Amélie at 20: how has the sugar-sweet Parisian whimsy aged?

There’s a defining moment early in Jean-Pierre Jeunet’s Amélie when Amélie Poulain (Audrey Tautou), a painfully shy and uncommonly adorable waitress at the Two Windmills cafe in Montmartre, arranges the return of childhood treasures to a middle-aged man who’d hidden them in her apartment building 40 years earlier. She has gone through an exhaustive search to find this man, meeting all manner of eccentric Parisians along the way, but she eventually summons the right person to a phone booth and watches the tears roll down his cheeks as this tin full of trinkets unleashes a flood of memories.

As she glides blissfully through the frame, the narrator says, “Amélie has a strange feeling of absolute harmony. It’s a perfect moment. A soft light, a scent in the air, the quiet murmur of the city. A surge of love, an urge to help mankind overcomes her.”

Amélie is not really a film about love, as much as its heroine does to manufacture it for others — and finally, winsomely, for herself. And Amélie is not really a film about altruism, either, given how much time she spends tormenting the nasty greengrocer (Urbain Cancelier) who abuses his sweet, simple-minded assistant (Jamel Debbouze). It’s really a film about perfection, a fantasy about how a messy world can, through force of will and timing and deftness of touch, be harmonized down to the second. There’s a mechanical quality to the film that’s completely at odds with the spontaneity and surprise of authentic passion. That “strange feeling of absolute harmony” is the metronomic ticking that Jeunet manufactures here – satisfying perhaps, but in no way romantic.

Yet 20 years later, Amélie does feel like an important shift in film-making style, a natural bookend to Moulin Rouge earlier in the year. The medium was entering an era of extreme plasticity, where the world could be bended and refined down to the pixel, and engineered to achieve moments of pristine, storyboarded flawlessness. There’s quite literally not a hair out of place in Amélie – Audrey Tautou’s immaculate bob is the greatest achievement in French hairdressing since Anna Karina’s bangs in Vivre Sa Vie – but the cold order of the film should not be mistaken for swooning romanticism.

Amélie also recalls a classic Onion headline that predates it by two years: Romantic-Comedy Behavior Gets Real-Life Man Arrested. Among the details in the restraining order against this man is that he’d stalked a woman for two months, spied on her and tapped her phone, and “tricked her into boarding Caribbean-bound jets”. Amélie may have a more delicate touch and a timidness that relegates her to the sidelines of her own life, but the film celebrates a quirkiness that’s millimeters away from derangement, as she makes elaborate interventions on people’s lives and teases the man she desires with Rube Goldberg contraptions that don’t pay off until she’s ready.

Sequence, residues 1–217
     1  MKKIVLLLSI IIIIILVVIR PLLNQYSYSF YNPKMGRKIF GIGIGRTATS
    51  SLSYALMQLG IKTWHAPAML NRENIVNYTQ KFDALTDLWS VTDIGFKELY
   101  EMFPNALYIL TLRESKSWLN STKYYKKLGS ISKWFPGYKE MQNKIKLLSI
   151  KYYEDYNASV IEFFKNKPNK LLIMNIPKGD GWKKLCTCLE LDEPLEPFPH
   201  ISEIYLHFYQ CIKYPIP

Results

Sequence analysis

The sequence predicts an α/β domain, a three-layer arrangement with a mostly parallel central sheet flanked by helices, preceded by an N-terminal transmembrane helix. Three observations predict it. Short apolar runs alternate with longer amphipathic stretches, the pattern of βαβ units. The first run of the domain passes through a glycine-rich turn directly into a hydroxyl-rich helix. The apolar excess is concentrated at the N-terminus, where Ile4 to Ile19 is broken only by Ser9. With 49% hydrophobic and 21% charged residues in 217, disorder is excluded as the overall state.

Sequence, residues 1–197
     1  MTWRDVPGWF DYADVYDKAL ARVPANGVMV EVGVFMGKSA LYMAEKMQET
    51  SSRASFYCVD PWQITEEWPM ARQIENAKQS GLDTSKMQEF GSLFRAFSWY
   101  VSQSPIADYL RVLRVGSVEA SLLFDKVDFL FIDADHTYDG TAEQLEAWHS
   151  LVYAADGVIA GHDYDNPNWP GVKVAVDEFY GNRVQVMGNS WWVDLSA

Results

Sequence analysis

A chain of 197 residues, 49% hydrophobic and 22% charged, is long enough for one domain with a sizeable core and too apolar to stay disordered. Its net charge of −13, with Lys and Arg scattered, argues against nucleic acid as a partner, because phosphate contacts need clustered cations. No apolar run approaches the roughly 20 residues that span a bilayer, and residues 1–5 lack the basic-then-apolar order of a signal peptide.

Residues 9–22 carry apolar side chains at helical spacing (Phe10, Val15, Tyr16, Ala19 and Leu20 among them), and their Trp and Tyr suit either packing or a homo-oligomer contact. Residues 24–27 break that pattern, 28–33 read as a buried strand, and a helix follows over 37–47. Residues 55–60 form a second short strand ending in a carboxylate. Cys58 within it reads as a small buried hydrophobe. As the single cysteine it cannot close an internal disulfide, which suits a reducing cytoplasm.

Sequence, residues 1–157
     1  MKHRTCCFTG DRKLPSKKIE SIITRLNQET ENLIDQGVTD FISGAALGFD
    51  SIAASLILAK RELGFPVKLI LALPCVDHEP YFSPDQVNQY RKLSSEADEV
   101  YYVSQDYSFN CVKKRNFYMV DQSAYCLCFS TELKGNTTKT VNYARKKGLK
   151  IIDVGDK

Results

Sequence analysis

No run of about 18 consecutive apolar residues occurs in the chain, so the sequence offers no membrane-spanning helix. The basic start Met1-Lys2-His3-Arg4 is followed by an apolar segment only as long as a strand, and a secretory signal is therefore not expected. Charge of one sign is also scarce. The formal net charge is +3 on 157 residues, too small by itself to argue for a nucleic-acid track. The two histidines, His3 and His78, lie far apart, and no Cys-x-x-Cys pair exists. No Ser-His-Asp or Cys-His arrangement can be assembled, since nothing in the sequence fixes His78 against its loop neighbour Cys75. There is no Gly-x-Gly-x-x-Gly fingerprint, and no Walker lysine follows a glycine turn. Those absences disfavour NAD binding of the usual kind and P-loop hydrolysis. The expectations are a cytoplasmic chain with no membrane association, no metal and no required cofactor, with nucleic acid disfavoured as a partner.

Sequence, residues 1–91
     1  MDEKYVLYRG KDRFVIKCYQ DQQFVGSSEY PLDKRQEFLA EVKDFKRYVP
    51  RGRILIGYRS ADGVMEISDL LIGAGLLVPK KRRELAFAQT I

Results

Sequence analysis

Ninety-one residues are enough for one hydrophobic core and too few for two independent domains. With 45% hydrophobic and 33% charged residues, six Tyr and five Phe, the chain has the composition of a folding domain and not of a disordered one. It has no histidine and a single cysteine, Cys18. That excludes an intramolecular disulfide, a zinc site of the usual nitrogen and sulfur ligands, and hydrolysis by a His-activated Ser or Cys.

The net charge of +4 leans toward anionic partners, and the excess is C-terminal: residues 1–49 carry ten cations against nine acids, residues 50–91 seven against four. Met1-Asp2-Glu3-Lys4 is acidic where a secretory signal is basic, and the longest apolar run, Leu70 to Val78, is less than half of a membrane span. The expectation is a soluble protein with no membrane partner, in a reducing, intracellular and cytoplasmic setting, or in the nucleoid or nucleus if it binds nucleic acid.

To a degree, Jeunet’s Paris doesn’t need Amélie to syncopate to a pleasing rhythm, as he delights in the random, unrelated events around the fertilization that led to her birth nine months later. Raised as an only child whose sole friend is a “suicidal fish” that leaps out of its bowl, Amélie grows into a passive, self-effacing adult who comes to realize that she can shape the destinies of those around her without making herself visible. And so, she returns those childhood trinkets to the middle-aged man. And she persuades the hypochondriac cashier (Isabelle Nanty) at the cafe to take notice of the regular (Jeunet favorite Dominique Pinon) who always sits across from her station. And she honors her father’s dreams of world travel by stealing his garden gnome and having a flight attendant send back Polaroids of the gnome at various landmarks. And she gets a key to the mean grocer’s apartment and messes with his head by switching his toothpaste with foot cream or swapping out his slippers for a pair a few sizes too small.

And on and on and on. Amélie inevitably takes an interest in arranging happiness for herself when she spots a handsome young man named Nino (Mathieu Kassovitz), who has made a hobby out of collecting discarded shots from under photo booth machines. Their courtship is all gestures and delayed gratification, all so beautifully staged that the audience is never invited to imagine what a real relationship between the two of them might be like. It is the ultimate romantic comedy in that respect, imagining nothing worse than a series of contrived obstacles keeping two people from a future of uncomplicated bliss.

It’s an extremely seductive fantasy for many, buoyed by the undeniable brio of Jeunet’s film-making. The difference is that Jeunet’s previous fantasies with co-director Marc Caro, the 1991 black comedy Delicatessen and the surrealist 1995 science-fiction City of Lost Children, have a much darker tone to bring them back down to earth. There’s no doubt that Jeunet succeeds in turning this hidden corner of Montmartre, relegated mostly to the denizens of an apartment building and a cafe, into a community of oddballs bound closely together by dazzling orchestration. The experience intends to be a sustained magic act, but it’s more often sickly sweet.

As Amélie, Tautou does well to suggest the loneliness and fear at the core of her character while still inviting the audience to play co-conspirator to her behind-the-scenes machinations. But Jeunet doesn’t appreciate her human dimension, to say nothing of the other characters, who are defined by silly likes and dislikes and weird patterns of behavior, but feel similarly trapped in his grand design. It’s hard not to feel manipulated by Jeunet in the same elfin way his heroine intervenes in people’s lives. The intent may be benevolent, but you’re still getting jerked around.




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